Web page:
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There's a lot of talk internally at Microsoft by users of Windows Home Server. Many have built them themselves and others have purchased or side-graded to an HP MediaSmart.

I had noticed that my DIY (Do It Yourself) Home Server was noisy and HOT. Like room-warming hot. I kept it in a closet and it was hot to the point of dangerous. That got me thinking about power consumption.

Here are some numbers that I was given permission to share. These are just one person's numbers using a "WattsUp?" device. These aren't official, but they do, I suspect, reflect a reasonable reality. Thanks BethD and BethD's Mystery Friend!

"I took power measurements on your new HP MediaSmart Server EX475 with my WattsUp? Pro power logging meter. There is a power data log in the meter that I can provide if anyone wants to see it.

Test conditions:

  • EX475 has two 500 GB HDD
  • Server and all network hardware on APC BackUPS Pro 650
  • Measurements taken for Server only
  • Server ran for 15:45 hours:minutes
  • Server room temperature 60 deg F
  • Server streamed music to two Roku SB Radios for 5 of 15 hours
  • Server performed three PC backups during the measurement period
  • Min/Max measurements do not show Server start up, only shows running min/max data

Results:

  • Volts: 112 min, 120 nominal, 124 max
  • Watts: 46.5 min, 52.2 nom, 80.2 max
  • Amps: .40 min, .41 nom, .63 max
  • Power factor: 1.00
  • kWh during measurement period: 0.841
  • Calculated kWh monthly average: 38.0
  • Calculated cost: $3.00 per month @ $0.079 per kWh

The HP data sheet does not show power consumption! But I found a UK reference showing EX475 (two drives): ~60W idle state, ~73W full load, so this data supports that claim.

Your previous WHS Beta PC was the ShuttleX and it used 150 watts nom and heated up the closet so much that I had to put in an exhaust fan. The HP Server has had no effect on closet temperature."

Very cool. I can handle 52 watts for a Home Server. Much greener.

About Scott

Scott Hanselman is a former professor, former Chief Architect in finance, now speaker, consultant, father, diabetic, and Microsoft employee. He is a failed stand-up comic, a cornrower, and a book author.

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Review - HP MediaSmart Windows Home Server

December 8, '07 Comments [40] Posted in Home Server | Reviews
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CIMG7852 Yesterday I received my HP MediaSmart Windows Home Server in the mail. There's two versions, the 500gig and the 1TB. I've been using WHS since Beta2 and was ready to tidy up my Frankenserver, which was largely a DIY (Do It Yourself) and I'd been having some hard drives go belly up lately. Fortunately I hadn't lost any data, since Home Server makes copies, but I was getting nervous with my existing hardware.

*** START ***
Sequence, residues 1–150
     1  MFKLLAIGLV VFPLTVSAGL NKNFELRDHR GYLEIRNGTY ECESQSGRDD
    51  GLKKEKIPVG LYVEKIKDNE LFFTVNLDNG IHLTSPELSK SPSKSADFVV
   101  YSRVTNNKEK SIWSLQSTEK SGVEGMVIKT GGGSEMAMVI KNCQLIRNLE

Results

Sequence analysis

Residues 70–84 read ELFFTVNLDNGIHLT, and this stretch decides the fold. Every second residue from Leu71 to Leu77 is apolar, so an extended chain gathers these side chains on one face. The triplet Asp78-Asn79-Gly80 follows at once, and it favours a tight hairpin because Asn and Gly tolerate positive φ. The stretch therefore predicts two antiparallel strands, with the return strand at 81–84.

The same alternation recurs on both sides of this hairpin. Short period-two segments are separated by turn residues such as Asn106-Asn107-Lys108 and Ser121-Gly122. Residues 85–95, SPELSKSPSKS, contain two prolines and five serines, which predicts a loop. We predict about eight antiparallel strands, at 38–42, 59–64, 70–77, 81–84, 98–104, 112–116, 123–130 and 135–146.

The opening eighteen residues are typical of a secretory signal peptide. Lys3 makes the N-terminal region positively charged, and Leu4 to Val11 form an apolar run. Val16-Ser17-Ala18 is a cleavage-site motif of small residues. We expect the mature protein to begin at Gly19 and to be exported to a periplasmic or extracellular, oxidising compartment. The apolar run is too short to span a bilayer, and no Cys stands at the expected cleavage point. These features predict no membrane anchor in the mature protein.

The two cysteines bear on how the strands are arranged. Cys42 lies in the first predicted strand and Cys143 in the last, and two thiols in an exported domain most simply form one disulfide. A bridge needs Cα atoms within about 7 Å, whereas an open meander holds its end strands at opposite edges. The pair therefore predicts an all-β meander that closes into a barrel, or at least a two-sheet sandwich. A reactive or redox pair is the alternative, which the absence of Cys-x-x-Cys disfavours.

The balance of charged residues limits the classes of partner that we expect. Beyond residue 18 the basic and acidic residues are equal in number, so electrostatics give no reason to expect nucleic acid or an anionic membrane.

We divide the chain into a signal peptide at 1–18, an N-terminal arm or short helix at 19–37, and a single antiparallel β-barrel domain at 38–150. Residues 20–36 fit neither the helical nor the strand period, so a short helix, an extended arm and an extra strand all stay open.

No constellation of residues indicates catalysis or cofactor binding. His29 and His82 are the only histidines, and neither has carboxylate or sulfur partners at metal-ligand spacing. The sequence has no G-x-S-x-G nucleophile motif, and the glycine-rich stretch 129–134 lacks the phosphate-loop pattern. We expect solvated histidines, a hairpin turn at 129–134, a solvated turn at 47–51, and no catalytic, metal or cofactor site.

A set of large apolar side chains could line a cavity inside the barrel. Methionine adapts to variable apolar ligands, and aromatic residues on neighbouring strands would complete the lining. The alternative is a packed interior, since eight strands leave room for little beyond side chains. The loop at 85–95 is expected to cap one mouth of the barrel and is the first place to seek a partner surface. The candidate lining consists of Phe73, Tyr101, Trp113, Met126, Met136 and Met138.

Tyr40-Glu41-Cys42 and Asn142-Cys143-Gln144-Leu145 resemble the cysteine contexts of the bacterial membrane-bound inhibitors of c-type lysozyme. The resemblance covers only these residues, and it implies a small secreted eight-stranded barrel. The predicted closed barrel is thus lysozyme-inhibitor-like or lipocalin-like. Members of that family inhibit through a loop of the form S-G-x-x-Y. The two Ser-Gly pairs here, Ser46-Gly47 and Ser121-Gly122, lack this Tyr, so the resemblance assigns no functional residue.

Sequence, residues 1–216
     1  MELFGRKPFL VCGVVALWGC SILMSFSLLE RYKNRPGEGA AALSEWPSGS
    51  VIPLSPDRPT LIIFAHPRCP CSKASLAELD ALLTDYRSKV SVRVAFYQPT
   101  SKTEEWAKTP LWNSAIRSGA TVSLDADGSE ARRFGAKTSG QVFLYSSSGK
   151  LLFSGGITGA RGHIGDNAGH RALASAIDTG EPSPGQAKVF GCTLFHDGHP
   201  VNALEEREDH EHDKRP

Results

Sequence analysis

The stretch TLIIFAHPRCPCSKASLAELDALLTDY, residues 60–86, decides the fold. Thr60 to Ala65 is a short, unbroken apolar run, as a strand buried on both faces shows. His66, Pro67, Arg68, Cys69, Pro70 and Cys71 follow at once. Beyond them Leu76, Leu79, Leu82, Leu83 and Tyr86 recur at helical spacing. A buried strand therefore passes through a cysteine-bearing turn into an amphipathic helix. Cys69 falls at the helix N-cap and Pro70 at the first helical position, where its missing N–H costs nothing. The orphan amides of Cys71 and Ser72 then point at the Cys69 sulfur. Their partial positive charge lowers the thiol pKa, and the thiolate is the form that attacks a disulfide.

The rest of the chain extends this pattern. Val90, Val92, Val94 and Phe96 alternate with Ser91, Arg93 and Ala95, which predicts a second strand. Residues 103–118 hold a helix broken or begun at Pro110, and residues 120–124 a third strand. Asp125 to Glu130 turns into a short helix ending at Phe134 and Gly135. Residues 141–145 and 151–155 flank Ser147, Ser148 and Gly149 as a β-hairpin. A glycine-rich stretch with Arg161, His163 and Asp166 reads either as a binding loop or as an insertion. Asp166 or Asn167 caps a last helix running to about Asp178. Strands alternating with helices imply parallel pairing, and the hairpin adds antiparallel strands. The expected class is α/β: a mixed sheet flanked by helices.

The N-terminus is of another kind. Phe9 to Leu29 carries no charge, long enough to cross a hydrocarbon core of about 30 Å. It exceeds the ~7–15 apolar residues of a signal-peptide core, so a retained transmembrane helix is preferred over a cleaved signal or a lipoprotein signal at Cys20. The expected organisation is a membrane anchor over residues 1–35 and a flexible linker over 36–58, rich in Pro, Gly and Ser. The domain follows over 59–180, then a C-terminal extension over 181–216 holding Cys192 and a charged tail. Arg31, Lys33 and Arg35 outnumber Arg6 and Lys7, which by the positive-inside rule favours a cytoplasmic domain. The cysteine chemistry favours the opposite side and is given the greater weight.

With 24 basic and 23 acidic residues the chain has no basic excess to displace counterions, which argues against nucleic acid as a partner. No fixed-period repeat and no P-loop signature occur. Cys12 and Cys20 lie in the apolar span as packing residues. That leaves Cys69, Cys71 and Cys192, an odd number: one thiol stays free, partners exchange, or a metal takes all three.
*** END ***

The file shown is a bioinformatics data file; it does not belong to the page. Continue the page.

You might remember that I did a Podcast with the Father of Windows Home Server, Charlie Kindel. I encourage you to check it out.

The Home Server is so pretty I took it out of the Wiring Closet and put it in the Home Office. I took one of my Western Digital My Book External Drives and use it as a Backup to the Backup.

The HP MediaSmart is REALLY small. Like maybe the size of 2 technical books. It's headless, meaning it has no VGA or DVI port. No monitor. You have to remote into it with the Home Server Software, which is really no big deal.

Here's some unboxing photos. The soda can is for size reference.

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CIMG7822 CIMG7827

The tooling on the hard drive enclosures is brilliant. Mine came with bays 3 and 4 filled with two 500 gig Seagates, so I added some other SATA drives I had lying around. There were NO tools required and no cables. Just shutdown, seat the drives, push them in, boot up and tell the admin console that the drives are cool to use. Even better, the lights on the outside of the case turn Red if a drive is failing, Purple if there's a drive but it's not configured and Blue if it's configured, so I watch the lights go blue as I added each drive. It took all of ten minutes.

It defaults to the name "HPSERVER" and you get one opportunity to change it so I made it just "SERVER" so we've got \\server\software and \\server\users\scott, etc. It's very tidy. I robocopy'ed over about 70 gigs of data then backed up all the machines in the house. You're allowed ten machines. Then I installed SyncBackSE on the Home Server itself (you're not supposed to install stuff on it that wasn't written for it, but SyncBack was a natural thing to want on it and it works great as long as you only refer to your Home Server by UNC path like \\server\foo. Hm, I  should make a SyncBack UI with the WHS SDK, or they should...) and set it to backup my blog and website.